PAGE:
KC Gardens

It’s time to control unwanted perennial grasses that crept into your yard

By Dennis Patton

The brown Bermuda grass has a shorter growing season than cool weather grasses like fescue.
The brown Bermuda grass has a shorter growing season than cool weather grasses like fescue. Provided.

While a lush green lawn is the pride of many suburbanites, others couldn’t care less. We all have to make choices about our preferred level of quality and efforts to achieve that look. For those wanting a high quality turf any invaders cannot be tolerated, while others may just say, “Well, at least it is green.”

Say the words zoysia or Bermuda grass and you will get very strong reactions, ranging from love it to invasive weed, depending on your desired outcomes. These warm season grasses are yard staples in the South. But for us Northerners, we tend to prefer the cool season grasses, such as bluegrass and tall fescue.

Cool season lawns are green for long periods of time, while warm season lawns have a short season. Those who like a better quality lawn dread the runners of the warm season grasses that invade our gardens or creep in from the neighbors.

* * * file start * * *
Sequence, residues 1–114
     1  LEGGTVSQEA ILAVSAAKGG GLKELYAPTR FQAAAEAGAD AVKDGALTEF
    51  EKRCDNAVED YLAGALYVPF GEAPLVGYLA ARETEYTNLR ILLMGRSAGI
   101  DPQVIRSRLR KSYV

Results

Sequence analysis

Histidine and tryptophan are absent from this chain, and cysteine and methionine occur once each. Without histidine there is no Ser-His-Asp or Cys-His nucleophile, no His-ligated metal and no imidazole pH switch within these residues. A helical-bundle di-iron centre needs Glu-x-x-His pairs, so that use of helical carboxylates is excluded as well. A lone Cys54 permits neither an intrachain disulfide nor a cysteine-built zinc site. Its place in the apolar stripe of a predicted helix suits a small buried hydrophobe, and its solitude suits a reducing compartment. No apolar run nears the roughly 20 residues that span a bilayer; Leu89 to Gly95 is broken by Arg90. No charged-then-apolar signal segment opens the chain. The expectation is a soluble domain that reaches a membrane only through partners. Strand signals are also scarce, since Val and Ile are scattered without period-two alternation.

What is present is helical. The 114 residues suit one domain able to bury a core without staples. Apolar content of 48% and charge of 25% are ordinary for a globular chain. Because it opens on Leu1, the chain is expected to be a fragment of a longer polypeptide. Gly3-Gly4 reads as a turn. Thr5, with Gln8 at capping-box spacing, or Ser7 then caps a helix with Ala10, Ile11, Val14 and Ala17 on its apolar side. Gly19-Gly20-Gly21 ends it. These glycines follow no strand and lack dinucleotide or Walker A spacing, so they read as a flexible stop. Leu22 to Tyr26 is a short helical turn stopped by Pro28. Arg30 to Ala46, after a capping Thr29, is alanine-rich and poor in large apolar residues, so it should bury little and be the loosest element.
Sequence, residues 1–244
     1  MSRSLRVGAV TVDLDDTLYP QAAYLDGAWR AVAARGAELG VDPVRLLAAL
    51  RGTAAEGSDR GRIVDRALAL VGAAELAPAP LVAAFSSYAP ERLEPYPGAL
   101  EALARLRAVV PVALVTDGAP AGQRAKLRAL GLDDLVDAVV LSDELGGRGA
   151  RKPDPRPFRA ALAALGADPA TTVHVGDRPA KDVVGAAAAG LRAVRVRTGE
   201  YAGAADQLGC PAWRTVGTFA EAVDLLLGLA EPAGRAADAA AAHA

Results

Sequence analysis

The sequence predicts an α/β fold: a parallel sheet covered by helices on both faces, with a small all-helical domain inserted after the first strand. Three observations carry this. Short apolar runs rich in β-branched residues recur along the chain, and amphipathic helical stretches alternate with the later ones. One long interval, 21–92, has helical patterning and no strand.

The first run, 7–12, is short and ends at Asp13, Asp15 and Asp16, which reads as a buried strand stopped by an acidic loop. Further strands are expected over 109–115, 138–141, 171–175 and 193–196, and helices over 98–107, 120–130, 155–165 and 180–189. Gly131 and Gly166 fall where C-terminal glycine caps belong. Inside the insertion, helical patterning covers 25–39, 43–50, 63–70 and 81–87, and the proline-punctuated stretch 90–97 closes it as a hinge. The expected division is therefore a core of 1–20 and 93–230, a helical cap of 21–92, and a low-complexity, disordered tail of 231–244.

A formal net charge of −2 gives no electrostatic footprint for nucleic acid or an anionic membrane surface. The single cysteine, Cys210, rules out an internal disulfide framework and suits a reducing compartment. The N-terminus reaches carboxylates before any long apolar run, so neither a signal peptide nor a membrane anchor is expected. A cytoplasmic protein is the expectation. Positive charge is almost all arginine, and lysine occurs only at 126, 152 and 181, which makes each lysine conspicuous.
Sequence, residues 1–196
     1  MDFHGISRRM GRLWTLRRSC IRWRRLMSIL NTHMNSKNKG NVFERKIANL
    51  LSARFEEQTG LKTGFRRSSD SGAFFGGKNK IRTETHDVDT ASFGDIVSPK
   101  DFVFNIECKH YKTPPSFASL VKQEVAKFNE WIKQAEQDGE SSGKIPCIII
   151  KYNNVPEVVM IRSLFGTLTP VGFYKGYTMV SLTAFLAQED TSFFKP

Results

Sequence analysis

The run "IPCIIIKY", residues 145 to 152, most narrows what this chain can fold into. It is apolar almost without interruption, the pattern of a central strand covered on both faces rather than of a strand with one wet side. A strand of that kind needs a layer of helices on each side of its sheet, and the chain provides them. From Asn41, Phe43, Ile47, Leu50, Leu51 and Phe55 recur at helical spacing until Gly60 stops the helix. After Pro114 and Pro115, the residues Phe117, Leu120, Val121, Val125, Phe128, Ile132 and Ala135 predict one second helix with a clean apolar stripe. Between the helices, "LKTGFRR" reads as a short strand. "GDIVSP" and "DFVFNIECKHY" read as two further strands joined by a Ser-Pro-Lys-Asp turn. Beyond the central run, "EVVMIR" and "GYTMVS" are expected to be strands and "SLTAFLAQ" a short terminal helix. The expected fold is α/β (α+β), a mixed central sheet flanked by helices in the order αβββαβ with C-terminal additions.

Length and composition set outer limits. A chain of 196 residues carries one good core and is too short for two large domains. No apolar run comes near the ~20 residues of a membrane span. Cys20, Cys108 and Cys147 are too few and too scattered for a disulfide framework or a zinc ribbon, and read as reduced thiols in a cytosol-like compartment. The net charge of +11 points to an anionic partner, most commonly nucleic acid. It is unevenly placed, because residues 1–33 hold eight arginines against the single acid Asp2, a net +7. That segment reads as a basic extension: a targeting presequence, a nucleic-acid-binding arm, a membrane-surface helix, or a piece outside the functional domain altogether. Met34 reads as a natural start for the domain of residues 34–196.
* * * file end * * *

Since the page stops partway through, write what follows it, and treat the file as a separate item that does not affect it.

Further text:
Each year our office fields a number of questions from people wanting to rid their lawns of patches of these grasses that have engulfed their more desirable lawns. Control can be achieved successfully if the proper steps are taken. Now is the time to start the process of eradicating these “weeds” so that a new lawn can be established this fall.

So how do you control Bermuda grass or zoysia that has invaded a cool-season lawn? Research conducted at K-State showed that glyphosate (Round-up, Kleen-up, Killzall and Kleeraway) are the best herbicides for the job. Glyphosate is a nonselective herbicide and will kill everything — including tall fescue or Kentucky bluegrass. That means you will need to reseed treated areas.

Glyphosate works best if Bermuda and zoysia are actively growing. If growing well and lush, more chemical is taken up and pushed into the roots. A week or so before treating water the area well and skip mowing to develop more leaf surface area for absorbing the chemical. Stressed turf will not absorb the chemical and will reduce its effectiveness.

Once the unwanted grass is up and growing, spray the area to be treated and then wait for it to go to work. A follow up application can improve the kill rate and should be made 10 days to two weeks later to any areas still showing green. Another tip to help increase control is to mow the lawn about two weeks after the first application. This removes the dead growth so that it does not impede the second application from reaching the newly emerging shoots.

After this second application, you will need to wait about one to two weeks and reseed. The ideal time to seed is around the first three weeks in September. While waiting to reseed, you could have your soil tested to determine your pH levels and fertilizer needs. Johnson County residents can get one free soil test per Johnson County address, courtesy of a grant from Johnson County Stormwater Management.

Visit www.johnson.k-state.edu for details. Soil testing is provided by all local Extension offices on both the Missouri and Kansas sides of the state line.